Yucca Mountain is not dead, Shimkus says

Shimkus

For more than two decades, one of the country’s biggest champions of the Yucca Mountain Project has been Rep. John Shimkus (R., Ill.), who is retiring from Congress this year. Shimkus spoke with E&E News about how he is not ready to give up on the Nevada repository in an article posted to the energy and environment news organization’s website on October 20.

“It’s never dead,” Shimkus said. “It’s the law of the land."

Milestone reached in Moab Site mill tailings removal project

Officials with the Moab Uranium Mill Tailings Remedial Action project display commemorative flags recognizing the milestone of disposing of 11 million tons of mill tailings. Photo: DOE

The Department of Energy’s Office of Environmental Management (EM) announced on October 20 that it has achieved a 2020 priority with the removal of another million tons of contaminated soil and debris from the Moab Site in southeastern Utah.

With this latest milestone, EM’s Moab Uranium Mill Tailings Remedial Action project has disposed of a total of 11 million tons of mill tailings from the site along the Colorado River, putting the project two-thirds of the way toward completing the removal and disposal of 16 million tons of mill tailings.

Site employees also recently surpassed a safety milestone, exceeding 1,500 workdays without a lost-time injury or illness, the DOE said.

U-233 processing restarts at Oak Ridge following upgrades

A fissile material handler uses a shielded glovebox to dissolve U-233 into a low-level form so that it can be mixed with grout for safe transportation and disposal. Photo: DOE

The processing and downblending of uranium-233 for disposal has resumed at Oak Ridge National Laboratory, following a pause in operations due to the COVID-19 pandemic, the Department of Energy announced on October 20. Removal and disposition of the U-233 is one of the DOE Office of Environmental Management’s highest priorities at the site, as stated in its strategic vision released earlier this year.

The project is removing a significant risk by eliminating the inventory of highly enriched fissile material stored in Building 3019, the world’s oldest operating nuclear facility, according to the DOE. Employees, known as fissile material handlers, use shielded gloveboxes to dissolve U-233 into a low-level form so that it can be mixed with grout for safe transportation and disposal. The material dates back decades and was originally pursued as a fuel for reactors; however, it did not prove to be a viable option.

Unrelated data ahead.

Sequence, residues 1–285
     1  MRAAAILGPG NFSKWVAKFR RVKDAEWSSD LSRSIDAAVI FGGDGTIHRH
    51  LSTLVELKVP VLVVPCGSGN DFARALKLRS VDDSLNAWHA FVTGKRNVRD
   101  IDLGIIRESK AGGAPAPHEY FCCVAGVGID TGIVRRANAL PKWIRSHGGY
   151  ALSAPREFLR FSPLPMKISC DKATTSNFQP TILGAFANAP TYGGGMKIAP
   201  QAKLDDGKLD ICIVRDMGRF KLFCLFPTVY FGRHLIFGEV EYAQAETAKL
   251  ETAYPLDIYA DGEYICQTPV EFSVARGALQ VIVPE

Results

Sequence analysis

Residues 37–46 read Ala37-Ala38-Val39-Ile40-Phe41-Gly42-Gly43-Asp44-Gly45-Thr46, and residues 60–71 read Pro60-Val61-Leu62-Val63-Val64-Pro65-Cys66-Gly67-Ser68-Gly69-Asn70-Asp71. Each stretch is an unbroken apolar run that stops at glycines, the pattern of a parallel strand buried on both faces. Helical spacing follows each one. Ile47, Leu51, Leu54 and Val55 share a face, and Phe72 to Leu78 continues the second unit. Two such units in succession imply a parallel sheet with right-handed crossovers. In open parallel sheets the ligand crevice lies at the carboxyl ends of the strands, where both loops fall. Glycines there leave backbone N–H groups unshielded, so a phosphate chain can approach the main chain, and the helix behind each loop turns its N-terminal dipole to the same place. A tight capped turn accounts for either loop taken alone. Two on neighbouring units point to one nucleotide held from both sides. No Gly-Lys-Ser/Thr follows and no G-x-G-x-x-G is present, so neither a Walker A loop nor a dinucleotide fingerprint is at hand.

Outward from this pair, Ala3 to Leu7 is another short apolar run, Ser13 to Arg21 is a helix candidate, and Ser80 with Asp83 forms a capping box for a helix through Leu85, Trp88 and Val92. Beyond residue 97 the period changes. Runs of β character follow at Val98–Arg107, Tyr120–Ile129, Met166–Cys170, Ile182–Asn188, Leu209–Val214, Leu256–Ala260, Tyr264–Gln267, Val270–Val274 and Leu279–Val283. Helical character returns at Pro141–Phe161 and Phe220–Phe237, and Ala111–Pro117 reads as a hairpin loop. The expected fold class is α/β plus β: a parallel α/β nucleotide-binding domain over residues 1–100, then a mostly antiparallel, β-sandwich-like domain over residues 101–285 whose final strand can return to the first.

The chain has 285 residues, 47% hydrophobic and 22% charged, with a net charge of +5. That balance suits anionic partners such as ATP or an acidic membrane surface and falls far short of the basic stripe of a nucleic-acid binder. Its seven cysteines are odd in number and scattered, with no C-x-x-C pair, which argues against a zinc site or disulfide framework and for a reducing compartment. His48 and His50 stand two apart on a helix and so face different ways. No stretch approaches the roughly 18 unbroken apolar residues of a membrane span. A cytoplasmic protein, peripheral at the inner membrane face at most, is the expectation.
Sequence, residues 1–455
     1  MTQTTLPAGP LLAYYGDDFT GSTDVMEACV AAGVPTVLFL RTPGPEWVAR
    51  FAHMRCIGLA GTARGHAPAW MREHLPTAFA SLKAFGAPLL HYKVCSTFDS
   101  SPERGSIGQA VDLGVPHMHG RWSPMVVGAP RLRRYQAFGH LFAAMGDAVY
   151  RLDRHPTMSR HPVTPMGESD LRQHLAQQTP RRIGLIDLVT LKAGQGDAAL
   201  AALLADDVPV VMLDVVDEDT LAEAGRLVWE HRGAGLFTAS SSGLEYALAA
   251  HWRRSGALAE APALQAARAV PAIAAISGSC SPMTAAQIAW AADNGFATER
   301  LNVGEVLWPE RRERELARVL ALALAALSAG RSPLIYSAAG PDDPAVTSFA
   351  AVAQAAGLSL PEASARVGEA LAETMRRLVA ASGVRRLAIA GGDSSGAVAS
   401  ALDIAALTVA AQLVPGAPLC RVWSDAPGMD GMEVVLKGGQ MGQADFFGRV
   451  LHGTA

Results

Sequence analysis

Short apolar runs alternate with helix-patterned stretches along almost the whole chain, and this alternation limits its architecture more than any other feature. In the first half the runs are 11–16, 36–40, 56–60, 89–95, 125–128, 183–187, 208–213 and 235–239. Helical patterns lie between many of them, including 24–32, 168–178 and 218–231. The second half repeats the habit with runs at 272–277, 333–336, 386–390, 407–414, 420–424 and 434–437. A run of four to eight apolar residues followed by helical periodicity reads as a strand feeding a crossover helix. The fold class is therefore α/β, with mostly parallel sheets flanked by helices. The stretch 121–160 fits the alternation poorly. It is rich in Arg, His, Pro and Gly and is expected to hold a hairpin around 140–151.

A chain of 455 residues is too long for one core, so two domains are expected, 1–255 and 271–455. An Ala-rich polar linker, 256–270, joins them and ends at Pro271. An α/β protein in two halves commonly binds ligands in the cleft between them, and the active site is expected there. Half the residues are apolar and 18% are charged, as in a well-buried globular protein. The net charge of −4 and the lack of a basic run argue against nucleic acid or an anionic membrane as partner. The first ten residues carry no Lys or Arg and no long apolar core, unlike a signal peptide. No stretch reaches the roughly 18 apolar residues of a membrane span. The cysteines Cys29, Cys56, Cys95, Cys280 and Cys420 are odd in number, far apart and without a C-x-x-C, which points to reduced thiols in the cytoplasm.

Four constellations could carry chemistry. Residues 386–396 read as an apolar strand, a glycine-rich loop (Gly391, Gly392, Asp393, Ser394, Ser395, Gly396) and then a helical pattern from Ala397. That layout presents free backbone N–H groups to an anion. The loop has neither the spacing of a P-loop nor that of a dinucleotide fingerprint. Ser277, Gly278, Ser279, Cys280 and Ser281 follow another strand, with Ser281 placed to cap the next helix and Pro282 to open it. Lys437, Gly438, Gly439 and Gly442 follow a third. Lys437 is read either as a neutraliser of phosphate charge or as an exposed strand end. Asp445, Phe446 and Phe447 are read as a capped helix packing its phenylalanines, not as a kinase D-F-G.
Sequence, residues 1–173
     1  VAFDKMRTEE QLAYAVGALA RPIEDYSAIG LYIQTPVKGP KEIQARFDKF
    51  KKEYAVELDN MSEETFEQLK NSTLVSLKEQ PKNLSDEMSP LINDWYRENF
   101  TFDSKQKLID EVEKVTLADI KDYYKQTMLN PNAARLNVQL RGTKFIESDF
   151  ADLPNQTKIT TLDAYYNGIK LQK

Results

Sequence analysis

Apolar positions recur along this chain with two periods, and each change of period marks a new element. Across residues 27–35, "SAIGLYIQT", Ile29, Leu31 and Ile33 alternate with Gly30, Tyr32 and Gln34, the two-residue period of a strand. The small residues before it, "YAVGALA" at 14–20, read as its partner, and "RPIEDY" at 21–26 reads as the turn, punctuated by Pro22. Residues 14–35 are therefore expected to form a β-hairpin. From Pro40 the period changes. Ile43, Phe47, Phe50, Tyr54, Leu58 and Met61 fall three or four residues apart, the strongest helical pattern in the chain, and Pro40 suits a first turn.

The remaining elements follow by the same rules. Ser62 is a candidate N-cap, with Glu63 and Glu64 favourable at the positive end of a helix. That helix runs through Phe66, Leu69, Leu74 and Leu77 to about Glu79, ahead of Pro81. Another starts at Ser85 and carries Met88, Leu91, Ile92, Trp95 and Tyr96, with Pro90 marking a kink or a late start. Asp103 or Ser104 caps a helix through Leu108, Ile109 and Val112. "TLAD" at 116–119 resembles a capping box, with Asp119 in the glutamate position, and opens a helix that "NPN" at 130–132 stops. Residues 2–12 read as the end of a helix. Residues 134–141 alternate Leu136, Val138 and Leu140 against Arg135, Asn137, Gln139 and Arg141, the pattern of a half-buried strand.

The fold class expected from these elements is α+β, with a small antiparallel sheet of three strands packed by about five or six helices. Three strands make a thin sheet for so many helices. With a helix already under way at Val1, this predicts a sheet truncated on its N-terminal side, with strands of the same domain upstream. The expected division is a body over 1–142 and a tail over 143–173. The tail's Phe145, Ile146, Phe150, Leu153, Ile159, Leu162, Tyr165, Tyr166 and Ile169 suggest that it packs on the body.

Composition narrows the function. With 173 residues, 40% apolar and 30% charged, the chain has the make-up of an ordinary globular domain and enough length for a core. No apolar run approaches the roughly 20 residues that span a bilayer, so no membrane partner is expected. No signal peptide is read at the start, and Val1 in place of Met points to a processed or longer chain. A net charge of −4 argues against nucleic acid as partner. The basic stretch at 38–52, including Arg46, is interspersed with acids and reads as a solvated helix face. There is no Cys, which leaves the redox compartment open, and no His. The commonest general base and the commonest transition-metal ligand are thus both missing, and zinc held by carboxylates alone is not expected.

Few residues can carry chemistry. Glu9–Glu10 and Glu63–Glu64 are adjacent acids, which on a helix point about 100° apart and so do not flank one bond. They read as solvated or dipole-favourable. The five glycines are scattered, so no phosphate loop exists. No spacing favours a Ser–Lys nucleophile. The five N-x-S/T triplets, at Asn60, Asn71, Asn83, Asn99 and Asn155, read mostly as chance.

First-ever cleanup of uranium enrichment plant celebrated at Oak Ridge

Energy Secretary Dan Brouillette speaks during an October 13 celebration marking the completion of the cleanup of Oak Ridge’s East Tennessee Technology Park.

The completion of the decades-long effort to clean up the former Oak Ridge Gaseous Diffusion Plant was celebrated on October 13, with Energy Secretary Dan Brouillette joining U.S. Sen. Lamar Alexander, U.S. Rep. Chuck Fleischmann, Tennessee Gov. Bill Lee, and other state and community leaders at the East Tennessee Technology Park (ETTP), where the uranium enrichment complex once stood.

“We are not only celebrating reaching this achievement, but also how this achievement will impact the future of this region moving forward,” Brouillette said. “We turned what was once an expensive government liability that presented risks to the community into an asset that the community can use to usher in new growth for East Tennessee.”

NRC approves Yucca Mountain roadmap

Yucca Mountain in Neveda.

The commissioners of the Nuclear Regulatory Commission voted 3-2 in favor of a recommendation by agency staff to produce a knowledge management “roadmap” for the suspended Yucca Mountain license review. According to NRC staff, the roadmap, which would focus on the regulatory and technical bases of the NRC’s review of the proposed high-level waste repository, would assist staff in resuming licensing work should Congress appropriate funds to do so. The NRC staff said that the document would be completed within a year.

The staff proposes to use $164,000 from the Nuclear Waste Fund (NWF) to develop the document. The staff’s proposal, along with the voting records of the NRC commissioners, was posted to the NRC’s ADAMS website on October 9.

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Vision 2020